SUPPLEMENTARY MATERIALS

Supplementary material for this article is available at http://advances.sciencemag.org/cgi/content/full/3/4/e1601659/DC1

fig. S1. Cross sectional SEM image of garnet SSE.

fig. S2. Cross section of Al-coated garnet SSE pellet.

fig. S3. Magnified SEM image of Al-coated garnet SSE.

fig. S4. Cross section of garnet-Li metal.

fig. S5. Cross section of the interface between Li metal and Al-coated garnet SSE.

fig. S6. Digital image and XRD of the lithiated Al-coated garnet SSE.

fig. S7. Preparation of Li | Al–garnet SSE–Al | Li.

fig. S8. Symmetric cell setup for charge and discharge tests.

fig. S9. Digital image of the symmetric cells assembled into 2032 coin cells.

fig. S10. Cross-sectional SEM images of the cycled Li | Al-coated garnet SSE interface.

fig. S11. Electrochemical performance of the hybrid solid-state Li-S battery: Cycling stability of the cell and coulombic efficiency of the cell.

fig. S12. SEM image of the garnet SSE in cycled Li-S cell.

fig. S13. XRD profile of the garnet after cycling in Li-S cell.

table S1. The phase equilibria and decomposition energies of the garnet SSE and Li-Al alloy interfaces.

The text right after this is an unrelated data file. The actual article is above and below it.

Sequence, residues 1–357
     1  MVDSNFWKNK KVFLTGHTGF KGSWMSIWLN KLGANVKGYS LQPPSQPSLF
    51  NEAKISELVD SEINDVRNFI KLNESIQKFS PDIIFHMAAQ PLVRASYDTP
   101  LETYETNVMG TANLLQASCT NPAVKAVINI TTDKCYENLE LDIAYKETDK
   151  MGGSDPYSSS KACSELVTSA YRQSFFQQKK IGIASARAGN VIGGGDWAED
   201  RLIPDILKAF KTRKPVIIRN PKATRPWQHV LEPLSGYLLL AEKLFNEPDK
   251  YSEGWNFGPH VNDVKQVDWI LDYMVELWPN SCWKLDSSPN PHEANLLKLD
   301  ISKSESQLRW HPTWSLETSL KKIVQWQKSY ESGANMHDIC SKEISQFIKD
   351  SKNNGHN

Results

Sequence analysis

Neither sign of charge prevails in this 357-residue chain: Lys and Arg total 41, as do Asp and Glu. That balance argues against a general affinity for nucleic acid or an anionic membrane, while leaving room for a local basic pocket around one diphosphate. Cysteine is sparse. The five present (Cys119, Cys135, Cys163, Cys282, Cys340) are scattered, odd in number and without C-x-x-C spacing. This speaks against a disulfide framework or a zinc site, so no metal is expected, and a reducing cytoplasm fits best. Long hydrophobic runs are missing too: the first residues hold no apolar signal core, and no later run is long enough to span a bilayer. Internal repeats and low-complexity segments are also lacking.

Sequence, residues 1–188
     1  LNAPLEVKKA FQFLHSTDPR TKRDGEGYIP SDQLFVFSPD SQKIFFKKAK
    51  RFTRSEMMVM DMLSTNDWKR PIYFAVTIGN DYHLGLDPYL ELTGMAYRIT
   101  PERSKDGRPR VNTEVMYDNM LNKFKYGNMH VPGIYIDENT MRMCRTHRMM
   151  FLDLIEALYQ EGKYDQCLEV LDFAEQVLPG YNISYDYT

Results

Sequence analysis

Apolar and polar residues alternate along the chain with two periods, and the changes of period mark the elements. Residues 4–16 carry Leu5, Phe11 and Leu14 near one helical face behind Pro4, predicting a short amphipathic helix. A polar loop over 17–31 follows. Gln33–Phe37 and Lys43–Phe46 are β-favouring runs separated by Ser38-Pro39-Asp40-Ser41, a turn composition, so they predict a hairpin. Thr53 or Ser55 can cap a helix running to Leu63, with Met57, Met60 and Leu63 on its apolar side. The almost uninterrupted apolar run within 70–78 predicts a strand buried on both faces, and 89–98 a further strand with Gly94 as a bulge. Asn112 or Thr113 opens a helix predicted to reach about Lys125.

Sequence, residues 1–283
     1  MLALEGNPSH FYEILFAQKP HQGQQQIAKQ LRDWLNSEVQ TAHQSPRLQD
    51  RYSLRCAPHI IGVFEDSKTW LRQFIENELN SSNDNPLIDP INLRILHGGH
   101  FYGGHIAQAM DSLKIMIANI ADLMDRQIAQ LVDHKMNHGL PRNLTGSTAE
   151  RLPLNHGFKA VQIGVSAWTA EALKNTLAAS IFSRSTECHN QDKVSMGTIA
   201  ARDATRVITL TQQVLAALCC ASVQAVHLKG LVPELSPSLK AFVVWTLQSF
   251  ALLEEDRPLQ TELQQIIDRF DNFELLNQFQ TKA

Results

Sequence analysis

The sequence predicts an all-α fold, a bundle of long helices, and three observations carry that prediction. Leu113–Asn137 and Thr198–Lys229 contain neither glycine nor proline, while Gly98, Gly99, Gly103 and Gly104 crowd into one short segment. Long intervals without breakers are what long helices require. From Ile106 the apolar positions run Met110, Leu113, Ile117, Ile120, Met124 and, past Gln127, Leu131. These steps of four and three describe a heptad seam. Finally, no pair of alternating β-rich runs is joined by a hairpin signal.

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REFERENCES AND NOTES

Acknowledgments: We acknowledge the support of the Maryland NanoCenter and its FabLab and NISPLab. Funding: This work was supported by the U.S. Department of Energy, Office of Energy Efficiency and Renewable Energy (contract #DEEE0006860). Author contributions: K.F. and Y.G. designed the experiment and wrote the paper. Y.Z. conducted the computational work. B.L., S.X., Y.Y., W.L., C.W., S.D.L., J.D., and Y.C. helped to conduct the experimental work and analyze the results. Y.M., E.W., and L.H. directed this work and revised the manuscript. Competing interests: L.H., E.W., Y.G., K.F., and C.W. applied for a patent application (62/329846) titled “Engineered interface of solid state electrolyte anode with Li-metal alloys towards solid-state batteries” to the United States Patents and Trademark Office. All authors declare that they have no competing interests. Data and materials availability: All data needed to evaluate the conclusions in the paper are present in the paper and/or the Supplementary Materials. Additional data related to this paper may be requested from the authors.